SCDOT Planners Ignore Better, Cheaper Alternative to Mark Clark Expressway
The draft report released today by the South Carolina Department of Transportation, which describes the environmental impacts of the proposed Mark Clark Expressway, fails to consider alternatives that are far less harmful and less costly than building a major interstate through communities, open-space areas, and marshes west of the Ashley River in the Stono River watershed.
SCDOT is proposing to construct a four-lane highway that extends I-526 approximately seven miles from Savannah Highway to the James Island Expressway. At a cost of $489 million, or more, the project would consume significant public funds but do little or nothing to reduce traffic congestion. In fact, according to an analysis by the Coastal Conservation League, Savannah Highway and Folly Road would still have failing levels of service with the I-526 extension completed.
The highway would include two major river crossings, threatening the water quality of the Stono River and Wappoo Creek watershed. Further, it would encourage sprawl development southwest of Charleston, bringing more traffic, tailpipe emissions and polluted stormwater runoff to the region, especially Johns Island.
The Coastal Conservation League and Southern Environmental Law Center, along with many concerned citizens, have for years advocated for new or improved solutions to traffic in the region. Solutions that cost less, pose less of an environmental threat, and that actually enhance economic opportunities and quality of life for the affected communities are sorely needed. The League's innovative "A New Way to Work" proposal establishes a network of connected streets to take much of the traffic off Savannah Highway and other busy roads, while redeveloping suburban areas to bring jobs, shopping, and services closer to residents. It would cost approximately half as much as the Mark Clark Expressway.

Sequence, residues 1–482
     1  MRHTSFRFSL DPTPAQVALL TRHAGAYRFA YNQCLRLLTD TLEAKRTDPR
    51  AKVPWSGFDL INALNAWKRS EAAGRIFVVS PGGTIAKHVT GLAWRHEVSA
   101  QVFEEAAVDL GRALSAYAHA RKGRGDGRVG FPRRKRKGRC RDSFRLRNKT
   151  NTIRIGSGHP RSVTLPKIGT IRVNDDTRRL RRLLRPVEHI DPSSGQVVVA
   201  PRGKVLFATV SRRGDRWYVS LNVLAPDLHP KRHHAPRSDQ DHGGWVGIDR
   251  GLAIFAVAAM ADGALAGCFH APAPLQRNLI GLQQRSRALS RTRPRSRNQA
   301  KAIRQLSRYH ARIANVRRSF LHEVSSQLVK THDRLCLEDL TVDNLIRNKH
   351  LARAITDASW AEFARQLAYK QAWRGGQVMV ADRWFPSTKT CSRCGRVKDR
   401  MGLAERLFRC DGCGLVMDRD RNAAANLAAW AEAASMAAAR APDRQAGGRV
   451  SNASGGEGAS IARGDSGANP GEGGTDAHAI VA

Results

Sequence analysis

The SCDOT's draft environmental impact statement, however, completely ignores this proposal and any of the alternative solutions it offers.
"As a regional organization, we see a lot of highway proposals in the South like this one - projects that hearken back to the 1950s and 60s when building bypasses and beltlines was the sole solution," said SELC Senior Attorney Chris DeScherer. "We now understand how these massive projects backfire - pushing sprawl further out, pushing our infrastructure to the limit, chewing up farms and wetlands."
"Other alternatives embody the new national trend and policy of livable community design," said Josh Martin, CCL Land Use director. "Wisely reworking existing areas before developing new land; wisely focusing on a diversity of travel modes; wisely returning to town and village patterns proven through the years is possible through this alternative. This is the emerging vision nationwide and could be the vision here in Charleston County. It is truly unfortunate that the SCDOT's preferred alternative does not reflect this emerging vision."
DeScherer said that SCDOT's failure to include alternatives along the lines of the "New Way to Work" concept is legally flawed, since federal law requires agencies to consider all reasonable alternatives that meet the need and purpose of the project. Instead, SCDOT and the other agencies have only considered differently routed and designed highways, and used a computer model showing traffic results for those, refusing to use a different model that would account for the traffic benefits of the conservation groups' proposal.
The Coastal Conservation League is a grassroots non-profit conservation organization, founded in 1989 to protect the natural environment of the South Carolina coastal plain and to enhance the quality of life of our coastal communities. The League works with individuals, businesses, and government to ensure balanced solutions. WEB: www.coastalconservationleague.org
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The Southern Environmental Law Center is a regional nonprofit using the power of the law to protect the health and environment of the Southeast (Virginia, Tennessee, North and South Carolina, Georgia, and Alabama). Founded in 1986, SELC's team of 40 legal experts represent more than 100 partner groups on issues of climate change and energy, air and water quality, forests, the coast and wetlands, transportation, and land use.